QuickBase returns you to the Fields tab of the Tables page, where your new field appears in the list of fields with a black arrow pointing to it. But you’re not done yet, as QuickBase reminds you. In the Fields table’s Info column, your new field shows Incomplete Settings, marked in red to get your attention. What QuickBase is telling you is that you need to let the vCard or iCalendar field know which fields to bundle up in its info packet for users to download.

  4. To complete the settings for your vCard or iCalendar field, click its name.

    The Field Properties page opens. On this page, adjust the properties—like the name of the field or how it displays its contents—of whatever field you choose. The Field Properties page relates to the specific field you chose. vCard and iCalendar fields have a special section all their own, as Figure 4-14 shows.

  5. In the vCard Options or iCalendar Options section, select the fields you want your vCard or iCalendar field to hold.

    Because these two field types hold different information, there are some differences in what you’ll select here:

    • vCard. For a vCard field, you must specify a Name field—contact info at its most basic—and in some cases an email field. You can also include job title, business and cell phone numbers, fax number, address, notes, and company.

    • iCalendar. For an iCalendar field, you need to select a Subject field (the field whose contents will serve as the subject for the iCalendar event, like Task), Starting Time and End Time fields, and an Organizer field (a User field, like Task Creator, that indicates who’s setting up the meeting or event). The Location and Description fields are optional.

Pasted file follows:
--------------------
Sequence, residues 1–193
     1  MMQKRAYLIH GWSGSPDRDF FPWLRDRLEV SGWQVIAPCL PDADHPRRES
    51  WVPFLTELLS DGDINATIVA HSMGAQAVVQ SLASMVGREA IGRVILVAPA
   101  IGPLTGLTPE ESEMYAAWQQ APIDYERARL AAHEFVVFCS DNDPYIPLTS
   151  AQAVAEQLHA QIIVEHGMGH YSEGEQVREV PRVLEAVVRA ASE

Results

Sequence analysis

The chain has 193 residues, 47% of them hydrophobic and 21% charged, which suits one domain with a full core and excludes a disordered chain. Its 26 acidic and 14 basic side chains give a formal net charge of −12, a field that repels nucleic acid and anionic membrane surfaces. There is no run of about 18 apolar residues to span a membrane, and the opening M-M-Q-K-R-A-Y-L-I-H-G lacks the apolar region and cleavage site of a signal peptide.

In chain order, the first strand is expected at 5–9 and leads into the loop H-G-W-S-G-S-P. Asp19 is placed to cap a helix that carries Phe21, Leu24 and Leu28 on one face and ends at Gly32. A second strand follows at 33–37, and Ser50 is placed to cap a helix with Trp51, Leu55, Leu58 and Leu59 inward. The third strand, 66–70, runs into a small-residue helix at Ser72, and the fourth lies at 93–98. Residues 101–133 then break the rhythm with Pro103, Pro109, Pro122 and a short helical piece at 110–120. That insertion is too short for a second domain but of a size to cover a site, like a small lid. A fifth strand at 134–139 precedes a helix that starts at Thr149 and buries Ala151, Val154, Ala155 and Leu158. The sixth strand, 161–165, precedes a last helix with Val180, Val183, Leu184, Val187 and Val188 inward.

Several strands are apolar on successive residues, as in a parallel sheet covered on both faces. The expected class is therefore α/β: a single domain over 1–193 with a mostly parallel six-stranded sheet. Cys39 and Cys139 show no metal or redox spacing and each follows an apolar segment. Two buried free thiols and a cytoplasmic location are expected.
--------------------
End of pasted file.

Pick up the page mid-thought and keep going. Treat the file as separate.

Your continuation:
Note

    The Starting Time and End Time fields must be of the field type Date/Time, Date, or Work Date for iCalendar to work with them. (If you use a Date or a Work Date field here, their values show up in Outlook as all-day events, because these fields have no time of day info.) Time of Day fields won’t cut it here, because iCalendar needs to know the date—not just the time—of the scheduled event.

  6. When you’ve chosen your fields, click Save.

    QuickBase saves your settings and returns you to the Tables page.

    When you create a vCard or iCalendar field, you have to specify which fields’ information the new field will hold. This example is for an iCalendar field. Fields marked with an asterisk are necessary for iCalendar to work; other fields are optional.

    Figure 4-14. When you create a vCard or iCalendar field, you have to specify which fields’ information the new field will hold. This example is for an iCalendar field. Fields marked with an asterisk are necessary for iCalendar to work; other fields are optional.

Now, when someone opens a record in your application, they’ll see the vCard or iCalendar icon (as you saw back in Figure 4-13). When they click the icon, they download the information in the vCard or iCalendar field (which contains the fields you just selected) for that record. They can store it on their computer or open it with a program like Outlook—from there, they can store contact info in their address book or add meeting details to a Calendar program.